Here’s a quick quiz to see whether you’ve been paying attention lately.
Question one: How many times have predictions of things like property prices falling off a cliff appeared in media headlines in the past, say, three years?
Question two: How many times have things actually gone ahead and fallen off the forecast cliff?
Question three: Should we be listening any more to journalists and economists who predict these dire cliff disasters?
So, how did you go with the quiz?
I don’t have the exact number of headlines which have forecast a mortgage cliff or a market cliff or prices falling off a cliff, but it would number in the thousands so far in this decade of the 2020s.
Now, as to how many times things have actually fallen off the alleged cliff, I do have a precise answer: exactly zero times.
We were told property prices would fall off a cliff in 2020 but they rose.
We were told at the start of 2023 that prices would collapse and drop of the proverbial cliff but, again, prices have been rising.
But the big cliff, the one media has really obsessed over, is the mortgage cliff.
We were told to expect one during the Covid lockdowns because people couldn’t go to work or into their businesses and earn money to pay mortgages, but lenders adapted to the situation and that mortgage cliff failed to materialise.
And this year we had another mortgage cliff to confront. This was the one caused by people on fixed-rate mortgages coming to the end of the fixed period and suddenly facing much higher repayments with higher variable interest rates.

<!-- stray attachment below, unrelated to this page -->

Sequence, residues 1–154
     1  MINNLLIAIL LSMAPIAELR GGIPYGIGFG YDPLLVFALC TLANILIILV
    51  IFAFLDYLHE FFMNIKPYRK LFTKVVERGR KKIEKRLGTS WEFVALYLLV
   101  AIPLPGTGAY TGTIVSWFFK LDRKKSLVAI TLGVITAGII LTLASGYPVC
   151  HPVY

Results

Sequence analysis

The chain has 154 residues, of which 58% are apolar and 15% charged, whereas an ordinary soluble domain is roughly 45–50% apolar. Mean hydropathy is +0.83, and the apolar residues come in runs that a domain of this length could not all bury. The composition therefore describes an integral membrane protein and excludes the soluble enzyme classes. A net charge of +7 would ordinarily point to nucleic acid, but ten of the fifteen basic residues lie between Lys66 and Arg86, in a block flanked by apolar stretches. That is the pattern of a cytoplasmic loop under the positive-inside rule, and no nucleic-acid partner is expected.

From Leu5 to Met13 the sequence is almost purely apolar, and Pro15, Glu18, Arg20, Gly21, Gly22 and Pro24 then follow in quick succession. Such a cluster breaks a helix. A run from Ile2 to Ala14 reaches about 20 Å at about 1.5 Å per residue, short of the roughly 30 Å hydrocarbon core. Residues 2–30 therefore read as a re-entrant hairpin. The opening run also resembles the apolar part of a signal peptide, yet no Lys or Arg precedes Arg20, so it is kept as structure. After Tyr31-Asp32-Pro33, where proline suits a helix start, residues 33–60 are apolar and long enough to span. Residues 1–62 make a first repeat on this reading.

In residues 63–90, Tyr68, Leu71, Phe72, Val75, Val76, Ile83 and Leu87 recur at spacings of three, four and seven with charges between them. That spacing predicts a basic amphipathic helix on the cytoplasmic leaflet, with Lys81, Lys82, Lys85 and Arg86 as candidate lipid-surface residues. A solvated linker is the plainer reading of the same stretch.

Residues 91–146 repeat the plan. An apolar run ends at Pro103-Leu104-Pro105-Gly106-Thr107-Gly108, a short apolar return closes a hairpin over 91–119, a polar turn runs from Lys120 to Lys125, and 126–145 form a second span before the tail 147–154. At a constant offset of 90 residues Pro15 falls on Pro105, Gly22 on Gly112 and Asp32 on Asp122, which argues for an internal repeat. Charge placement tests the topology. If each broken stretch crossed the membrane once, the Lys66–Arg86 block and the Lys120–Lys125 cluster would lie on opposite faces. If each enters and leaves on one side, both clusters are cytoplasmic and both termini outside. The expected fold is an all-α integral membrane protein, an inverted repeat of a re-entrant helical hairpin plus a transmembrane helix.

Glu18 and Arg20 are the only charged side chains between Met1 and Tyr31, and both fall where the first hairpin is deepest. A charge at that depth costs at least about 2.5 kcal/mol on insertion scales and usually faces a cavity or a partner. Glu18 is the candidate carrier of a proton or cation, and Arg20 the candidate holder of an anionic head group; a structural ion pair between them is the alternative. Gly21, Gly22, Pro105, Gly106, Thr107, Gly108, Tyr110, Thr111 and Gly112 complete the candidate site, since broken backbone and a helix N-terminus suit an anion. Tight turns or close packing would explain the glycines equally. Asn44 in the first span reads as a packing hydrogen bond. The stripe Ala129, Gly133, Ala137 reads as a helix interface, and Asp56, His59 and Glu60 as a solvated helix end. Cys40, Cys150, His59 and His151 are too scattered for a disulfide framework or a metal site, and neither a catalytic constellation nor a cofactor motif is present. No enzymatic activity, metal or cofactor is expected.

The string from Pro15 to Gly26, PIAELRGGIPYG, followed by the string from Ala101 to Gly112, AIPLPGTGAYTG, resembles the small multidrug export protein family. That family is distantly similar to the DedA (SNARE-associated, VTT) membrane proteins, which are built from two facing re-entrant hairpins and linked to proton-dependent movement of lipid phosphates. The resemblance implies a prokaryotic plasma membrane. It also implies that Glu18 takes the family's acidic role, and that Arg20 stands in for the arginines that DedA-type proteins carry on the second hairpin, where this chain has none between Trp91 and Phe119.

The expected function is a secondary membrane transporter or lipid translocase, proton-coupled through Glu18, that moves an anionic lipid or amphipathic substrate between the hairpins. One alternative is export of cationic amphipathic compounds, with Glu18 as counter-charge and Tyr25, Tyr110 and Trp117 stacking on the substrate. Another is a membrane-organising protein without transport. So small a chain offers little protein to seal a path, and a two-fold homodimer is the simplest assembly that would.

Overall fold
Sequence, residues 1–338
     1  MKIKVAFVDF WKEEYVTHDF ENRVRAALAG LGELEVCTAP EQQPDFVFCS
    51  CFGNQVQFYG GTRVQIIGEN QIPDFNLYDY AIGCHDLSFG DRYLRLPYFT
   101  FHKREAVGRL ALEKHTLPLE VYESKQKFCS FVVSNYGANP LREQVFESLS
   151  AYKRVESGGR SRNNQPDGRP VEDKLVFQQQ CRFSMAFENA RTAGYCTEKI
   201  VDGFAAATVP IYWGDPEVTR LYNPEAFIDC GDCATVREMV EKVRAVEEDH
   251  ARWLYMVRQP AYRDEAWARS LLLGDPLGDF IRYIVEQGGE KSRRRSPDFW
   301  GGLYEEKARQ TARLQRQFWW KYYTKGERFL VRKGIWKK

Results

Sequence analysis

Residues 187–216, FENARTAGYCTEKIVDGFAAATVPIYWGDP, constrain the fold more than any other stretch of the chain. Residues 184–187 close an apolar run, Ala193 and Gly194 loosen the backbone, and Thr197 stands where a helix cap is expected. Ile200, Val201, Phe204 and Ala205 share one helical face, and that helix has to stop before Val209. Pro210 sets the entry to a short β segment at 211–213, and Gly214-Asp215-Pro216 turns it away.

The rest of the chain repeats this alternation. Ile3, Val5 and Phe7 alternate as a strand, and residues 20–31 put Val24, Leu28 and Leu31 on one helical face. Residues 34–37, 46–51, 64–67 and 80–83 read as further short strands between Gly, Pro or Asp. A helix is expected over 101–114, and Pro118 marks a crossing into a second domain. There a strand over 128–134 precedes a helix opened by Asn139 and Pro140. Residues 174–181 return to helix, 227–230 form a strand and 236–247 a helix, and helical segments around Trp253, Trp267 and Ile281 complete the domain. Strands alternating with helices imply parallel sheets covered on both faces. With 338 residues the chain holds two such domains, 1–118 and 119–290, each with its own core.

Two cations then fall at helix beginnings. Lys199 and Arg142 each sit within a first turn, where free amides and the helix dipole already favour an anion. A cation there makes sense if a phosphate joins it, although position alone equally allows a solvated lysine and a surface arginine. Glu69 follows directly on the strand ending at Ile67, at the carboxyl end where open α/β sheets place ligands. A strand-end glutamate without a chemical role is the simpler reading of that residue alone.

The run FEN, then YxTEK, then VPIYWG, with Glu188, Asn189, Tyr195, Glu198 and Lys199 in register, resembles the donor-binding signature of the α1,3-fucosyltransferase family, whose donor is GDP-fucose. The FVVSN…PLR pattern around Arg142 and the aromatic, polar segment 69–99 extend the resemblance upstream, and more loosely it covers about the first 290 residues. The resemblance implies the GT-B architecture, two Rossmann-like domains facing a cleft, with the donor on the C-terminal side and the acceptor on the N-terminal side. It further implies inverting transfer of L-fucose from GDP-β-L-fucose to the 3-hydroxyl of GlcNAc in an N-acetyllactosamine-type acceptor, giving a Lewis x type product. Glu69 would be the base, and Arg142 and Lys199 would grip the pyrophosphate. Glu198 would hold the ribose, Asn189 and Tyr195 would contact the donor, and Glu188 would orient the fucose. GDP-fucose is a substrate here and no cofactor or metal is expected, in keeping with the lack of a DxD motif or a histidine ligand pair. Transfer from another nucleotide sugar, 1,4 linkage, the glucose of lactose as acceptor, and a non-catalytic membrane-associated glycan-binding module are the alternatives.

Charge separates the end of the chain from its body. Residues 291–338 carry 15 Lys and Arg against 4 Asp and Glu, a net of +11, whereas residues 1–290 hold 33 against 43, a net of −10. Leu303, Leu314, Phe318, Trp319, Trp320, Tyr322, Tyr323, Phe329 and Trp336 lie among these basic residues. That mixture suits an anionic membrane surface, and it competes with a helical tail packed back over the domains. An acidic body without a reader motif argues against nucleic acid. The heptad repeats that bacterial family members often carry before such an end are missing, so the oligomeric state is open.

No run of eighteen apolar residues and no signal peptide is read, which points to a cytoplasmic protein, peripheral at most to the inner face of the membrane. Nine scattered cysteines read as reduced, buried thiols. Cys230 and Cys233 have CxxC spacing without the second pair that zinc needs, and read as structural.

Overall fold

This was forecast to be the grandaddy of all mortgage cliffs and provided fodder for countless clickbait headlines this year.
But here’s the thing: it hasn’t happened.
We’re in the middle of company reporting season, with the major lenders, the big banks, reporting their annual profit results – and they all say the transition of customers from fixed rate to variable rate mortgages is happening in an orderly fashion with few problems.
National Australia Bank boss Ross McEwan says there has been what he terms a “modest deterioration” in the quality of the bank’s loans but no major problems.
“We know this environment is challenging for our customers, but pleasingly, most are proving resilient with only a modest deterioration in asset quality.”
Commonwealth Bank, which has tens of billions in mortgages transitioning off fixed rates, says arrears for loans rolling on to variable rates are in line with its broader portfolio.
Thirty-day arrears were just 0.92% of loans and 90-day delinquencies were only 0.43% of the total.
So, yes, news media has got it horribly wrong again.
And here’s the other thing: media will never apologise for getting it wrong or even acknowledge they made a major mistake.
They SHOULD apologise because headlines and soundbites like these cause fear and anxiety in the community.
We live in times of a global pandemic, high inflation, massive economic disruption, war in Europe and daily stories of climate-related disasters.
People don’t really need any more grief in their daily diet of news headlines, but journalists love to pile on.
You have to wonder about the mindset and the business model they’re using.
Most businesses have the approach that if they make their customers feel happy or satisfied, they will make money.
Media has a different model. They believe they can make money if they make their customers feel distressed, anxious or fearful.
Hence the constant barrage of negative headlines forecasting disasters of various kinds.
But most of the predicted catastrophes, like the mortgage cliff, have failed to happen.